The Swedish 19th century engineer S. A. Andrée sets out to become the first man on the north pole. His idea is to launch a polar expedition using a hydrogen balloon, together with two ... See full summary »
Max von Sydow,
Sverre Anker Ousdal,
In the middle of the 19th century, Kristina and Karl-Oskar live in a small rural village in Smaaland (southern Sweden). They get married and try to make a living on a small spot of land. ... See full summary »
Inspired by real-life Elsa Andersson, this mostly fictional movie tells the story of her upbringing as a farmer's daughter, in the early 1900s, who dreams of getting away from the farm and becoming an aviatrix.
The film is based on a true occurrence in Sweden in 1988. A Finish couple murdered a young boy and his parents when they prevented the theft of the son's bicycle. The film tries to describe... See full summary »
The story about 5-year-old Lisa's unconditional love for her alcoholic father. There is also a depiction of Sweden in the 70's and working class fading ideals. The mother leaves the family ... See full summary »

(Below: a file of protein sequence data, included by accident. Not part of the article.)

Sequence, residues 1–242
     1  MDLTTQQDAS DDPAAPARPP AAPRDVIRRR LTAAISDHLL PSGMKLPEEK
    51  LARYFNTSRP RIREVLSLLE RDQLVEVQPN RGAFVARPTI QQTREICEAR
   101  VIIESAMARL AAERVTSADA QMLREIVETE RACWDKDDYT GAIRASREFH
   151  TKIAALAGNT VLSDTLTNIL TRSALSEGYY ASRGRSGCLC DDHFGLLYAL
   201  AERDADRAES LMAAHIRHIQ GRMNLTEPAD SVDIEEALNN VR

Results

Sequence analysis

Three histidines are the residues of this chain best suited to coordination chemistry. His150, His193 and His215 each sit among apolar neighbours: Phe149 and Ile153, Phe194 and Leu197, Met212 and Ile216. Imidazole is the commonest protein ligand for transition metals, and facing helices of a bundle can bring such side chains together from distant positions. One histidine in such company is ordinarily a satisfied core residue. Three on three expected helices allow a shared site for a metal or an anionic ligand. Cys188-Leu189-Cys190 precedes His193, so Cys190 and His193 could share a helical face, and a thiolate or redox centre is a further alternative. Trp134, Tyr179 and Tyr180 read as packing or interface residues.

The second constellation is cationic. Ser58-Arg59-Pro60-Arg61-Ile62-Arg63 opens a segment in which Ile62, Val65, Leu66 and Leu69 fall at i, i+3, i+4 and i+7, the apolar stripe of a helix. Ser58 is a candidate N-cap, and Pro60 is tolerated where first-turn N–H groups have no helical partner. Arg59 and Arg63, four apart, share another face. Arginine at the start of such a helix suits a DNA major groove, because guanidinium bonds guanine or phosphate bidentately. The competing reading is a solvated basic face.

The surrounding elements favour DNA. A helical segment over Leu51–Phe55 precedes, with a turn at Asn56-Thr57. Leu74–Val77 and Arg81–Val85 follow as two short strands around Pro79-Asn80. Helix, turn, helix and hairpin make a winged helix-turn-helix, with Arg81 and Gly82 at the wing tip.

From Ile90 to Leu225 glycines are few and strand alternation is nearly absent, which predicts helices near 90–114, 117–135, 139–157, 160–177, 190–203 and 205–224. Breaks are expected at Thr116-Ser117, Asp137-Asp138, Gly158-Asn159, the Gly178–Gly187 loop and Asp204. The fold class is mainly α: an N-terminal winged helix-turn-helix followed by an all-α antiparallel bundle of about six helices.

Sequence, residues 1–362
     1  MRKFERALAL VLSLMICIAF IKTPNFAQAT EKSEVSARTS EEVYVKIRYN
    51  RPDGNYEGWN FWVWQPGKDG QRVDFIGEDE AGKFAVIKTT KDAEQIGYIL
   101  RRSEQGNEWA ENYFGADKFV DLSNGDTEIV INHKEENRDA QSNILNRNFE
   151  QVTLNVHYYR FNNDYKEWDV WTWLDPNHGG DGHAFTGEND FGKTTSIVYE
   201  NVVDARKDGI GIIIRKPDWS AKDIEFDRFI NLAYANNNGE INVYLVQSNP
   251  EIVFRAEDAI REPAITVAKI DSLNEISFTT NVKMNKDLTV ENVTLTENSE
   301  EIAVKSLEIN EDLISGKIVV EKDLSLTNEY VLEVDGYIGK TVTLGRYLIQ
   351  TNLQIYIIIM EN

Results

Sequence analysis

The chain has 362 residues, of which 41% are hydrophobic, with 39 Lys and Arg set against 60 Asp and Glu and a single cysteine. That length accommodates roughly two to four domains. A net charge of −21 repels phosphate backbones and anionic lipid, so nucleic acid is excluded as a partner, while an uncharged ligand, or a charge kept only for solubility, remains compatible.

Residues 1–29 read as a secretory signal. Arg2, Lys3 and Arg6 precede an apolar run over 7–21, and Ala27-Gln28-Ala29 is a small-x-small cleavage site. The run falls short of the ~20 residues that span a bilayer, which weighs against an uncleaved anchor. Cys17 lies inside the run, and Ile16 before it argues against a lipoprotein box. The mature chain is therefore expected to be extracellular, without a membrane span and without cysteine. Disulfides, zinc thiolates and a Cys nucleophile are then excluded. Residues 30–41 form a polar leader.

Sweden, early 1900s - an era of social change and unrest, war and poverty. A young working class woman, Maria, wins a camera in a lottery. The camera grants her the eyes to view the world, and empowers her over several decades to raise and nurture her family of six children and an alcoholic, womanizing and sometimes violent, although ultimately loving, husband.Written by
Greetings again from the darkness. The best word I can come up to describe this fine film is humanistic. Everything about director Jan Troell's (The Emigrants) approach is based on the affect or reaction of the individual, very human, characters.
Maria Heiskanen as Maria Larsson is fascinating ... in the most grounded, heartfelt style I have seen. She reminds of Imelda Staunton in her ability to sell grace and dignity despite all obstacles. This is not a film about some character's ability to make headlines. Rather it is one woman's battle for independence for herself and stability and safety for her seven children.
We may question why Maria insists on remaining with her violent-when-drunk husband, but she takes her father's counsel to honor her vows very seriously. She battles through much for her family but the true joy in the story comes from her awakening with a Contessa camera, courtesy of Sebastian Pederson (played well by Jesper Christensen). She discovers a god given talent and eye for photography.
This is a long film, but so realistically presented that it just compels the viewer to join in. Sadly, it won't find much of an audience in the U.S., but it is excellent film-making and a very rewarding journey.
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